Updated: September 7, 2013 at 8:08 pm
DENVER - In the NFL, tradition dies hard.
Old-school coaches swear by the importance of a strong running game like it was football scripture.
In this Broncos offense, that tradition should die, hard.
These Broncos were born to let it fly.
Ground-and-pound on third-and-3? Toss it out with the trash. Then toss the football to Demaryius Thomas, Wes Welker, Eric Decker or Julius Thomas.
In the first game, Peyton Manning threw for seven touchdowns and 462 yards.
The scary part: Something tells me we ain't seen nothin' yet.
"Every game will be different," offensive coordinator Adam Gase said.
Are we sure about that? What we saw in Thursday's 49-27 destruction of the Ravens looked more like the evolution of a football philosophy.
In the fourth quarter against the Ravens in the playoffs, on third-and-7, the Broncos called for a running play. It was stuffed short.
In the fourth quarter against the Ravens this season, on third-and-8, the Broncos called for a passing play. It was a touchdown, 78 yards by Demaryius Thomas.
The early blueprint suggests these Broncos will be a pass-first, pass-second, pass-third operation, with a run tossed in to keep tradition happy.
What about the groggy running game?
What about the cost of tea in China?
The Ravens last season didn't allow a seventh passing touchdown until Week 10. These Broncos hung seven on the Ravens in Week 1.
The Broncos and Ravens set the NFL record for most combined passing attempts in a non-overtime game (104). The Ravens challenged the NFL record for shoulder shrugs.
No one has thrown more touchdowns than Manning's seven. One thing would've made it better: Peyton holding up seven fingers, a la Michael Jordan's six-finger salute.
"He's the best ever," Rahim Moore told me. "He's the best to ever touch a football."
Is it time yet? Is one game enough of a sneak peek to earn a nickname for a Broncos passing game that has all the makings of a juggernaut?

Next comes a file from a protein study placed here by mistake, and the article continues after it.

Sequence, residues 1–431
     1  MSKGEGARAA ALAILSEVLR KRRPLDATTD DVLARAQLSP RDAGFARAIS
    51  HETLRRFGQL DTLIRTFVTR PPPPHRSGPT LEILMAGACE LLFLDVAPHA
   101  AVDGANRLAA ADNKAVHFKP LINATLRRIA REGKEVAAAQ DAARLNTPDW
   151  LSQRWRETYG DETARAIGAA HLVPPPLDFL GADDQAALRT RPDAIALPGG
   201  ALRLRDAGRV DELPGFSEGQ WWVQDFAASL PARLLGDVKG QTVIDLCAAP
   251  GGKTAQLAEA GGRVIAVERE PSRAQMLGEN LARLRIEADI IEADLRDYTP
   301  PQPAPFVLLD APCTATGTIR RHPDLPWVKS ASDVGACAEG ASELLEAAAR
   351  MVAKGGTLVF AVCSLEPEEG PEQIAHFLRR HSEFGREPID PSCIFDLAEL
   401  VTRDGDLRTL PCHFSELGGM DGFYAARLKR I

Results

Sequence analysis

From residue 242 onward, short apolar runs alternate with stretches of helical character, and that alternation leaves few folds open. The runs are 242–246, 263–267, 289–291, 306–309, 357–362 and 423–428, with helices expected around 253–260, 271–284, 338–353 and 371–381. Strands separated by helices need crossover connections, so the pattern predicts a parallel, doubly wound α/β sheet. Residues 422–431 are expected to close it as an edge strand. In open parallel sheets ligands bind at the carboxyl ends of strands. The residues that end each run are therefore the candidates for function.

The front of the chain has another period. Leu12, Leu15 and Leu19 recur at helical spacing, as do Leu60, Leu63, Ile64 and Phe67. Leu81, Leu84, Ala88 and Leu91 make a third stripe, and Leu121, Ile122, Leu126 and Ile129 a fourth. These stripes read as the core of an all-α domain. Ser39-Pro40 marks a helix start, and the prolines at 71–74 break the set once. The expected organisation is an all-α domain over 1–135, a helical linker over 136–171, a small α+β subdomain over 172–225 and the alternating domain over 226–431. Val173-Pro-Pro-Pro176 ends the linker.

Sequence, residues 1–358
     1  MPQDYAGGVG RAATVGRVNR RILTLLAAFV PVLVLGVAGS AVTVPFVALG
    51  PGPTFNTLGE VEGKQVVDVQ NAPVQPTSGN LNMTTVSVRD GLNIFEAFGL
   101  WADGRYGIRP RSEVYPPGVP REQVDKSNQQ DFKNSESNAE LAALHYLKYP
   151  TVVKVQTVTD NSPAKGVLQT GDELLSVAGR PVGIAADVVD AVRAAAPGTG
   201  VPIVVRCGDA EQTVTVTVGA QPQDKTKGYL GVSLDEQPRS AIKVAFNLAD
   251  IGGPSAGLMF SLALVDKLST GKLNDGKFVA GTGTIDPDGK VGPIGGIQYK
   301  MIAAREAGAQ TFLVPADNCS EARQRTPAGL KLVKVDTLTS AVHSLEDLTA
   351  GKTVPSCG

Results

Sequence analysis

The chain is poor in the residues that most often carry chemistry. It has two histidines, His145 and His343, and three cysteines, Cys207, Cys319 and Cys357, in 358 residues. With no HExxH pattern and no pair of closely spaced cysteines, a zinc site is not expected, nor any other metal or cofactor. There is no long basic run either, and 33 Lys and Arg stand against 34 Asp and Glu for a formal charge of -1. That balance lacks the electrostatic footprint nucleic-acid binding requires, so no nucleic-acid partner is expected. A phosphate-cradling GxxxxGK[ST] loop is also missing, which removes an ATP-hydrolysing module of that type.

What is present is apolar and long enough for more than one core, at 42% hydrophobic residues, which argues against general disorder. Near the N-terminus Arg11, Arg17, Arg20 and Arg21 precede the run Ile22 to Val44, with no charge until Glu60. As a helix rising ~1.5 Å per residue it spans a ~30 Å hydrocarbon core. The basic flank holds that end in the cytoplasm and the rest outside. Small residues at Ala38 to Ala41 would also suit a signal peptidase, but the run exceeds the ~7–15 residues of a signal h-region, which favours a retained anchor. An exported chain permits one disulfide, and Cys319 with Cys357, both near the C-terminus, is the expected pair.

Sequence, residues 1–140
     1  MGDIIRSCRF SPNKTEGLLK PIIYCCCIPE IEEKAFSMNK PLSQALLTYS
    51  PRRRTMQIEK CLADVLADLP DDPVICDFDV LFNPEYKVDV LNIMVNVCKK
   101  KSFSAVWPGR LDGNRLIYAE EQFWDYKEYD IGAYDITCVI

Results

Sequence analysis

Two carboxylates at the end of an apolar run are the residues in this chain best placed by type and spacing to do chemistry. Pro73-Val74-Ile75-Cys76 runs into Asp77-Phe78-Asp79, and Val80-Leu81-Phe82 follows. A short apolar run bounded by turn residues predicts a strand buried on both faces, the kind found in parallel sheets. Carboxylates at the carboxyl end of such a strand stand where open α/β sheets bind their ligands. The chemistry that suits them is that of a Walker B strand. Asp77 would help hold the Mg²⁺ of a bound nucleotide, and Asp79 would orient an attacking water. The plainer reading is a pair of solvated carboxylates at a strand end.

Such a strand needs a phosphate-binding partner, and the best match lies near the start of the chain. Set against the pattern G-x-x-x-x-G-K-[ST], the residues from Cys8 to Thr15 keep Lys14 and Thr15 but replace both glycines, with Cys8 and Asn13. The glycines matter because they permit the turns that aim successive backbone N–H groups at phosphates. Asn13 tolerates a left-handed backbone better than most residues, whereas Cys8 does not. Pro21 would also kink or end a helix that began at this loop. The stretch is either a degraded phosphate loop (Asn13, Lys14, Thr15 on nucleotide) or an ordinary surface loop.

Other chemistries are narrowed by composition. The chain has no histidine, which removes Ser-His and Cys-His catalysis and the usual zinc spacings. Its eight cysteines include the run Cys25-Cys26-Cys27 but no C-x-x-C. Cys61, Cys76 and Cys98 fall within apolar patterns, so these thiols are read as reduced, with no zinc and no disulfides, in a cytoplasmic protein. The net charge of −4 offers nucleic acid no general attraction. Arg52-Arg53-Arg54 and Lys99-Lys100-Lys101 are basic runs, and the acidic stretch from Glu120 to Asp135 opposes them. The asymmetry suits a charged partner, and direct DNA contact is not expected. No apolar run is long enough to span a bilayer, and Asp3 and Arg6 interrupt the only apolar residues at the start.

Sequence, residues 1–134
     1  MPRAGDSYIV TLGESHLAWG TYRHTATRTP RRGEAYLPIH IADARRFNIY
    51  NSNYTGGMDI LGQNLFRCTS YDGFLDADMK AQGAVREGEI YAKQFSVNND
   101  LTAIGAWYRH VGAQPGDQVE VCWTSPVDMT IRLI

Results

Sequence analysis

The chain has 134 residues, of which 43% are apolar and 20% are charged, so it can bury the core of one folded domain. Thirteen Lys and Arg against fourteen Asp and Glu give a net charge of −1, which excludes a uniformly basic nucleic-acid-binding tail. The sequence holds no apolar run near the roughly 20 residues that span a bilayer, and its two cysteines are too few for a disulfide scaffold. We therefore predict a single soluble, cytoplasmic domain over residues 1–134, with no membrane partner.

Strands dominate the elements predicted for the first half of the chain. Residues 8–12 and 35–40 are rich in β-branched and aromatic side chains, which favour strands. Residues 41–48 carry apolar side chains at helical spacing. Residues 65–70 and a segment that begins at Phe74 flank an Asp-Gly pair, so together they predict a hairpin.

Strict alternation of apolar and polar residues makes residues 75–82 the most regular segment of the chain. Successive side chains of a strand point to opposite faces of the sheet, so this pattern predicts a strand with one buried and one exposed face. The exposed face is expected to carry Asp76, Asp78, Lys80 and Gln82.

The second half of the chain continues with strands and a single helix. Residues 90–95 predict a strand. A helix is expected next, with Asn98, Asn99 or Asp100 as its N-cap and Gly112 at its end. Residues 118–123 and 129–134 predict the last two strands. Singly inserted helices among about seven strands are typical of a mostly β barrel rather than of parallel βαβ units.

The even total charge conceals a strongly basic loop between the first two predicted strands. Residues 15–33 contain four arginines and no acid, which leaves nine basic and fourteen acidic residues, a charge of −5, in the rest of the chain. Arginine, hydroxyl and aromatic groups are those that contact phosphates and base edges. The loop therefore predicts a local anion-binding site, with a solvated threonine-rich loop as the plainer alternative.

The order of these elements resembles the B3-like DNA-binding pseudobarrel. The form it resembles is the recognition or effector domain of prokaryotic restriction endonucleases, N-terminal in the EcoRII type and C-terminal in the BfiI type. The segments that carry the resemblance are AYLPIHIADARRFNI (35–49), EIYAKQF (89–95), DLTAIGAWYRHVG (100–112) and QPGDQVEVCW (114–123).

Rocky Mountain Fly. Win Air. Mountain DEW (Demaryius-Eric-Wes). 18th (18's?) Airborne.
The fans should choose, though I prefer the latter. When it comes to honoring the brave men and women in the military, these Broncos get it.
Manning's overseas work with the USO is better than a touchdown to Demaryius Thomas. Shaun Phillips decorates his locker with Marines logos.
Who else has an Air Force man, Ben Garland, on their practice squad?
Only the special deserve a nickname. Worrywarts suggest one game is too soon to label an offense. I suggest that's the point: This all happened in the first game.
Imagine the fireworks when Manning adds another few weeks of rapport with new targets Wes Welker and Julius Thomas.
Can you wait to see what's in store?
The Broncos are evolving.
When Mike McCoy left for the Chargers, it took the Broncos less than 24 hours to promote Gase to offensive coordinator. The 35-year-old was the wizard in waiting.
"He had an aggressive game plan (against the Ravens)," Manning said.
The next promotion should go to the defensive coordinator who limits the Broncos to fewer than 22.8 points, the NFL scoring average in 2012.
How do you stop a passing game with this fleet of wide receivers, plus Julius Thomas, and Peyton at his peak?
"I'm just glad we only play them in practice," cornerback Chris Harris said.
Manning targeted Welker 11 times, the most for a Broncos receiver. Thomas had 161 receiving yards, the most for a Broncos receiver.
Manning's highest grades came when he threw over the middle for 10-plus yards, according to Pro Football Focus. That's the Julius Thomas zone.
Scrap tradition and look out below. It's time to let it fly.